Hollywood's long goodbye to the Obama era
From Ghostbusters to Barry, this year's movies paint an accurate picture of the nation's political mood
On the evening of Nov. 10, two days after the 2016 presidential election, I was sitting in a theater in St. Paul, Minnesota, watching Contemporary Color, the opening night film of the Sound Unseen festival. A document of David Byrne's 2015 hybrid of a rock concert and a high school color-guard exhibition, the movie is a tuneful, energetic salute to musical and cultural diversity, featuring dozens of fresh-faced teenagers of every size, skin color, and sexuality, who've all apparently found a nurturing community in competitive flag-waving. Maybe I was still shell-shocked from the electoral results, but as I watched the documentary — and felt moved by the talent, grace, and inclusivity of this rising generation — I thought to myself, "This feels like the last dispatch from an America that no longer exists."
2016 was always going to be the end of the Barack Obama administration. But if the Democrats had held the White House, it's possible that "the Obama era" as a cultural concept would've continued on for the rest of the decade. Instead, the annual look back at the year in entertainment has begun to take on the form of a long goodbye. Considering the movies in particular, certain films, stacked alongside each other, now seem to tell a larger story about both the hope of our nation and our deep, dangerous divisions — and how Obama has presided over all of that, whether he intended to or not.
This was a year with not one but two biopics about the young Obama — both of which are quite good. Barry (which debuted on Netflix on Dec. 16) follows the future president as an alienated college student in New York in the early '80s, dating a wealthy white woman while exploring his black identity by trying to make friends in the inner city. Meanwhile, Southside with You catches up with Obama at the end of the decade in Chicago, as gets to know his fellow fledgling lawyer and wife-to-be Michelle, while working within the black community to make sure that the local government was hearing the concerns of the poor and working class.
More than just hagiographies (though both are also that to some extent), Barry and Southside with You both feel like unexpectedly timely attempts to reckon with the roots and endurance of the Obama phenomenon. As liberals are in the throes of an angry election post-mortem, in which "identity politics" has been used as an epithet, these movies show how a politician could become an inspirational figure by representing a myriad of Americas.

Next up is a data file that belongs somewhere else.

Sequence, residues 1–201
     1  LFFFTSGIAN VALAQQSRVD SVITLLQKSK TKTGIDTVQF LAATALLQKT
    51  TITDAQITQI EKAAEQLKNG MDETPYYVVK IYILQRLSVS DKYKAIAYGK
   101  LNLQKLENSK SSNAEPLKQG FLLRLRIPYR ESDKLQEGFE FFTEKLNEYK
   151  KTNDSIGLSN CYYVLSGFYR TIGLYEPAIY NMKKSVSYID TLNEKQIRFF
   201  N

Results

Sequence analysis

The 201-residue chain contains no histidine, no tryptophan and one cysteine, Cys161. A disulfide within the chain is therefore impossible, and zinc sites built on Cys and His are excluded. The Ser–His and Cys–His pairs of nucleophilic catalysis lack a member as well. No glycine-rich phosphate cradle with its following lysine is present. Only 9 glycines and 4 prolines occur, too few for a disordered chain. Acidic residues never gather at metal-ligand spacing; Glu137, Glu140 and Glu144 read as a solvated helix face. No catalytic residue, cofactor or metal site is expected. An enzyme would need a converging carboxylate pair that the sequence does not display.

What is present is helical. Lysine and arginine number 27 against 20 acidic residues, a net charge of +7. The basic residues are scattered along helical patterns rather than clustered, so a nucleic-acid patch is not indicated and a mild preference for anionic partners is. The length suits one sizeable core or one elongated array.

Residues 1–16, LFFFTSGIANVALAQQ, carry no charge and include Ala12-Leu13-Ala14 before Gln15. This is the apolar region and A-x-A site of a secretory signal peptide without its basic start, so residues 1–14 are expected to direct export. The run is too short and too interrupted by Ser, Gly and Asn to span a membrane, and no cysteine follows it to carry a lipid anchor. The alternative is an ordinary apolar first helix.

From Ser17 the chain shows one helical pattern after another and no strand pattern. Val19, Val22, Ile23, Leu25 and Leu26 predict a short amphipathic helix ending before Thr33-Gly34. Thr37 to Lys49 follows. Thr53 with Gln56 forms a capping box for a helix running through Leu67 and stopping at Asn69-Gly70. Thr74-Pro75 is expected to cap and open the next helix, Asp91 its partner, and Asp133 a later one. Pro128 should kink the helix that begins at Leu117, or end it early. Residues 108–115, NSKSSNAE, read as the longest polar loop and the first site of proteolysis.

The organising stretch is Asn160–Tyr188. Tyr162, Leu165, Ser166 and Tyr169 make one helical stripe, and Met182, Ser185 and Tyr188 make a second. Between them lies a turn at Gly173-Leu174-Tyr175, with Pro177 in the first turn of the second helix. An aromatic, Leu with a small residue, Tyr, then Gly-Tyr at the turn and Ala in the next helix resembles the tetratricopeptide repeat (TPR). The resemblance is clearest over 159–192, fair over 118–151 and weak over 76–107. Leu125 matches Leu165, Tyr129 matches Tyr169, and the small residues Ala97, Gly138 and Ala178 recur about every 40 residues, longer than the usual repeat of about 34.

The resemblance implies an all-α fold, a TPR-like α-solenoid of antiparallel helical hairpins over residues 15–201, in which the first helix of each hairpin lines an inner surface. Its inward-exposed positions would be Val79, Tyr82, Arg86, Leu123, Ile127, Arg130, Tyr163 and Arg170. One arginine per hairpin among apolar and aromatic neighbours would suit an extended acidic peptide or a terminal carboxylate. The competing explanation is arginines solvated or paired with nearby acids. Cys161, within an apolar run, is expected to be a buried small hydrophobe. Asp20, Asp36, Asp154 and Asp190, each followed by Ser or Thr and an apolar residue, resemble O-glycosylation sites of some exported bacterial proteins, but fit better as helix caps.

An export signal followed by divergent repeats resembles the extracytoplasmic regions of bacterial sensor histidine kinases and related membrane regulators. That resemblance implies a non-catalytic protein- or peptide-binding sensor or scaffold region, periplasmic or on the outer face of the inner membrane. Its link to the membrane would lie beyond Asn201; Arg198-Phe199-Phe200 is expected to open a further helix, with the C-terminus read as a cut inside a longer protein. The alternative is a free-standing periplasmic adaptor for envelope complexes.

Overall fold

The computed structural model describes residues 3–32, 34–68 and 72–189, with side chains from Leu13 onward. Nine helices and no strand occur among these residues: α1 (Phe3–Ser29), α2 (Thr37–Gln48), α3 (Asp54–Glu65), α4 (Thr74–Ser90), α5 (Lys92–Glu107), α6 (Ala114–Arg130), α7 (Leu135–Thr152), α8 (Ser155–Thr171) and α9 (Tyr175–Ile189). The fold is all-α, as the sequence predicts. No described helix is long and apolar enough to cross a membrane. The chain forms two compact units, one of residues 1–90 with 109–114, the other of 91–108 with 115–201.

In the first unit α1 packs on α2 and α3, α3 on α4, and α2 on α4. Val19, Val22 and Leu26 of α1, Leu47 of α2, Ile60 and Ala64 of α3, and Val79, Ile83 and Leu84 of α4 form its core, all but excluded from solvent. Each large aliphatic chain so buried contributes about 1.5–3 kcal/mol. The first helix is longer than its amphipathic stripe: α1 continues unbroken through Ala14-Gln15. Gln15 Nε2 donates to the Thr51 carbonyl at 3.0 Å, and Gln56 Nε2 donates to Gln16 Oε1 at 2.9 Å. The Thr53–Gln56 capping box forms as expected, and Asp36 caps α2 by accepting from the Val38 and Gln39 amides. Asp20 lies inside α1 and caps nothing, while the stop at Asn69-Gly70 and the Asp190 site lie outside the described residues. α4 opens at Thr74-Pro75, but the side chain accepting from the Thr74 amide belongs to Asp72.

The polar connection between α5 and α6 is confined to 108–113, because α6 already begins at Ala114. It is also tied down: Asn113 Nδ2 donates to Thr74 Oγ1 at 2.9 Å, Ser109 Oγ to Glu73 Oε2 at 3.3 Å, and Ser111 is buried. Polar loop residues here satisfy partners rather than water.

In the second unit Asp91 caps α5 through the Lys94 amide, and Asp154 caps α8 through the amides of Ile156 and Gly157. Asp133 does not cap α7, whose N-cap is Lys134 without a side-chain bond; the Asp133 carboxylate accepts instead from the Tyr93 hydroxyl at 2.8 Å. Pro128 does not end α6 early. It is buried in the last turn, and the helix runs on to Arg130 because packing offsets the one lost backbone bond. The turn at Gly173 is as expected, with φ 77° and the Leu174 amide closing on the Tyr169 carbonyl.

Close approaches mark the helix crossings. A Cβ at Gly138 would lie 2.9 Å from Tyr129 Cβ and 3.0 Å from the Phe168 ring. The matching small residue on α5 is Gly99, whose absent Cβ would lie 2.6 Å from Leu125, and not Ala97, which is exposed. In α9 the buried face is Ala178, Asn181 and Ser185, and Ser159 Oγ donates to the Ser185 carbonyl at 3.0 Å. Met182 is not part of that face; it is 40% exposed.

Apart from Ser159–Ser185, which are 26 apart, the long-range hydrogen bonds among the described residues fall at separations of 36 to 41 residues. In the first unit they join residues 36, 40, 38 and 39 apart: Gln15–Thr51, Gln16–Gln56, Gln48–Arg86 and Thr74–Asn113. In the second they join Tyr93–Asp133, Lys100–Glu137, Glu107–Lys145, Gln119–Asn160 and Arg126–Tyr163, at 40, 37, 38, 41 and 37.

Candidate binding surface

These big questions — questions of what shapes us, how we each connect to the larger culture, and whether our pasts and our passions are fairly represented — have been a common theme in several of the year's best films. Those conversations form the unspoken backdrop of the Oscar-contender Moonlight, which follows a closeted gay black drug-dealer through three phases of his life. These questions also subtly animate The Fits, in which an inner-city adolescent tomboy becomes captivated by the glamorous-looking dance troupe at her local community center.
The father-son drama Morris from America is more open in its discussion of race and self, as a widower tries to explain to his hip-hop-loving teenager that he moved them both to Germany to expand their respective perspectives on the larger world. And no movie in 2016 engages with personal identity as provocatively — or relevantly — as the documentary I Am Not Your Negro, which turns the text from an unfinished James Baldwin book into a raw-nerved visual essay about America's persistent inability to reckon with the legacy of slavery.
The anger in I Am Not Your Negro is an unfortunate but undeniable part of how the Obama years will be remembered. Though Baldwin's book was reflecting on the civil rights movement, the documentary's director Raoul Peck pairs images of 1960s unrest with footage from riots and protests in the 2010s, finding a continuity between the issues Baldwin was writing about (like the urgent matter of who's allowed to be a full participant in our democracy) and the struggles today between African-American communities and the police. The chilling documentary Do Not Resist delves even further into the latter problem, examining how the increased militarization of law enforcement has disproportionately punished the poor. And films as disparate as the Nat Turner biopic The Birth of a Nation and the O.J. Simpson docu-series Made in America challenged the idea that it's possible to transition to a "post-racial" nation.